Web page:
KBRT / Klamath Basin Rangeland trust: Water
savings less than hoped in payment effort
2/23/2014, Herald and News by
The federal government says a $1 million project that paid
irrigators above Upper Klamath Lake not to water their pastures
in 2002 cut water use by only half as much as the project's
The problem? The estimate didn't take into account how much
water that native grasses and other vegetation would take up and
allow to evaporate into the atmosphere.
The project began in the spring of 2002 and was one of the Bush
administration's first efforts to find solutions to the struggle
that had resulted in a water cutoff and national publicity in
the Klamath Basin the year before.
James Connaughton, chairman of the White House Council on
Environmental Quality, came to the Basin to announce the pilot
project, which was initiated by the leaders of the Klamath Basin
Rangeland Trust (KBRT), Jim Root and Kurt Thomas.
The idea was to pay water users not to irrigate and thus raise
the level of Upper Klamath Lake.
After the first season, the trust leaders estimated the project
allowed an extra 7,677 acre-feet of water to flow into the lake.
But the Bureau of Reclamation, which provided the funds for the
water buy-out, estimated the amount of water saved at 2,908
In a report made public last week, scientists for the U.S.
Geological Survey concluded the Bureau was closer in its
"The KBRT analysis assumes that 'native' vegetation will not use
groundwater after forbearance," the USGS report states. "We
believe this assumption is incorrect and therefore KBRT
overestimates the actual amount of water saved."
The trust is a tax-advantaged, non-profit entity set up to
pursue conservation goals in the upper part of the Basin. Root
and Thomas, too, have taken key roles in sponsoring talks among
water users, the Klamath Tribes and other interests at the Shilo
Inn, aimed at resolving issues related to the water struggle.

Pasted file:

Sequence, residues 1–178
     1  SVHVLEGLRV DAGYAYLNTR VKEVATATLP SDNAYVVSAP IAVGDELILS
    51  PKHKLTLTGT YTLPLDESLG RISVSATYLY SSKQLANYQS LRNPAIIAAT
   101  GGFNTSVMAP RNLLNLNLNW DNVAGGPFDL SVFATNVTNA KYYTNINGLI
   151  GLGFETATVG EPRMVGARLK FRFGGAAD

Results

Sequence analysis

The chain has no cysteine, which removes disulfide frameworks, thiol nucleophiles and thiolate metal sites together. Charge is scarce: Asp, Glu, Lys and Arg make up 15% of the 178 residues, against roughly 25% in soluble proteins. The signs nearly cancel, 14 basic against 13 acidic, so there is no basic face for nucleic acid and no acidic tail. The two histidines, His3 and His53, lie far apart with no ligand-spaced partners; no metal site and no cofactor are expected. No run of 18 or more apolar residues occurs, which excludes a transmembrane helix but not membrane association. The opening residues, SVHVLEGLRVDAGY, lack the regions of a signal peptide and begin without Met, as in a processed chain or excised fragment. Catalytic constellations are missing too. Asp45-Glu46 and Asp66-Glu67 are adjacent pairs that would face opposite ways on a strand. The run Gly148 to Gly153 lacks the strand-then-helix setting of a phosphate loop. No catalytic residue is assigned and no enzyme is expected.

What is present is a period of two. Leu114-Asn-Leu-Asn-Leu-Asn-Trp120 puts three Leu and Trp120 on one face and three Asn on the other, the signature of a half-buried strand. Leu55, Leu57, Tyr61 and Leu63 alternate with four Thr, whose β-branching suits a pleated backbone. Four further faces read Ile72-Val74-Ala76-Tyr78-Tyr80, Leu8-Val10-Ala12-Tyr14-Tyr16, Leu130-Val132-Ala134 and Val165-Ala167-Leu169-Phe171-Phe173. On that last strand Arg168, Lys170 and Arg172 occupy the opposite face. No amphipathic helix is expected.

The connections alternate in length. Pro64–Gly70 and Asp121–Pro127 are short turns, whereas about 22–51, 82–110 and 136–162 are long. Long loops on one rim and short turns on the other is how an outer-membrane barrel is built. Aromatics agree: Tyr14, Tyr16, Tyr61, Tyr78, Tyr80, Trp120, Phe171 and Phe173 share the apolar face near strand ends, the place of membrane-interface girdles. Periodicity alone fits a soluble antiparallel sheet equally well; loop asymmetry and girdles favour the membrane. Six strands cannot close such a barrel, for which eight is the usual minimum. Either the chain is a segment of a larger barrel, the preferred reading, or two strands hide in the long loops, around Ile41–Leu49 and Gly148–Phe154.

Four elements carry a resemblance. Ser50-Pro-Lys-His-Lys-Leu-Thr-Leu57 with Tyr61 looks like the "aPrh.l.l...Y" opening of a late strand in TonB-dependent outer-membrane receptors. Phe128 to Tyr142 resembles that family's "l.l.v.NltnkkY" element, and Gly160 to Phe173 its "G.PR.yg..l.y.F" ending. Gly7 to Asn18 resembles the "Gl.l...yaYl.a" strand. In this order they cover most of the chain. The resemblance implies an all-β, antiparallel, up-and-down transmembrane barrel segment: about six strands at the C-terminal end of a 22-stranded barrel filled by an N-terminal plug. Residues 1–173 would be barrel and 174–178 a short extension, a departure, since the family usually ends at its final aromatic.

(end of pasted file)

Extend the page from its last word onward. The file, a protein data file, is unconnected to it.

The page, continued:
Root's daughter, Chrysten Lambert, director of the trust, said
that when the project started, the Rangeland Trust had little
information on how much water is consumed in irrigation.
"This area hasn't been monitored much, so it is going to be a
while until we get a good data set," she said.
To make up for the lack of baseline data for the pilot project,
she said, the Rangeland Trust used estimates made by two Oregon
State University scientists - Richard Cuenca and Larry Mahrt -
the trust contracted to help with the project.
In 2002, the irrigation water rights for 3,161 acres of pasture
in the Wood River Valley were left in-stream, and cattle herd
sizes on these properties were reduced by about 80 percent from
historic levels, according to the Rangeland Trust Web site.
The Rangeland Trust used $1 million in federal money to pay
property owners who participated in the project and to cover the
costs of research and monitoring.
Dennis Lynch, regional director was unavailable for comment
about the review and a Geological Survey scientist contacted by
the Herald and News about the report said he couldn't comment.
John Rasmussen, a Bureau scientist, said the Rangeland Trust
estimated twice as much water was saved from the cutting of
evapotranspiration as the Bureau did. Evapotransportation is the
loss of water from the soil both by evaporation and water vapor
rising out of the plants that grow in the soil.
He too attributed the overestimate to a lack of data.
"What do you compare it to? What were they using before?" he
In their review, the Geological Survey scientists suggest that
the Rangeland Trust build up data about the valley so it could
have something with which to compare its findings. This could
take several years.
Although the suggestion makes sense, Lambert said the immediate
needs of the Basin weigh in as well.
She said we need to "start helping the system now instead of
waiting several years before improving things."
Jim Root said the Geological Survey suggests that the Rangeland
Trust hold off on forbearance and restoration activity for five
to ten years while baseline data is collected.
"We disagree with that approach," Root said. "It may be accurate
from a scientific point of view, but from a practical or
political point of view, we feel like we need to be doing actual
work during that five to ten year period."
He also said the Geological Survey recommends that the Rangeland
Trust upgrades the equipment it uses. The upgrade would cost
about $3 million.
"We are just not able to raise that kind of money," Root said.
And, he said, for the level of accuracy that the Rangeland Trust
is shooting for, the current equipment will work.
Lambert said the water saving estimates for 2003's Rangeland
Trust project, which was expanded to 6,400 acres, are more in
line with the Bureau's estimates. About $1.9 million in federal
money was spent on the project.
The Bureau is currently in negotiations with the Rangeland Trust
for its contract for this year. Root has said he wants to expand
the project to 20,000 to 30,000, acres on which cattle herds
would be reduced by about 70 percent.
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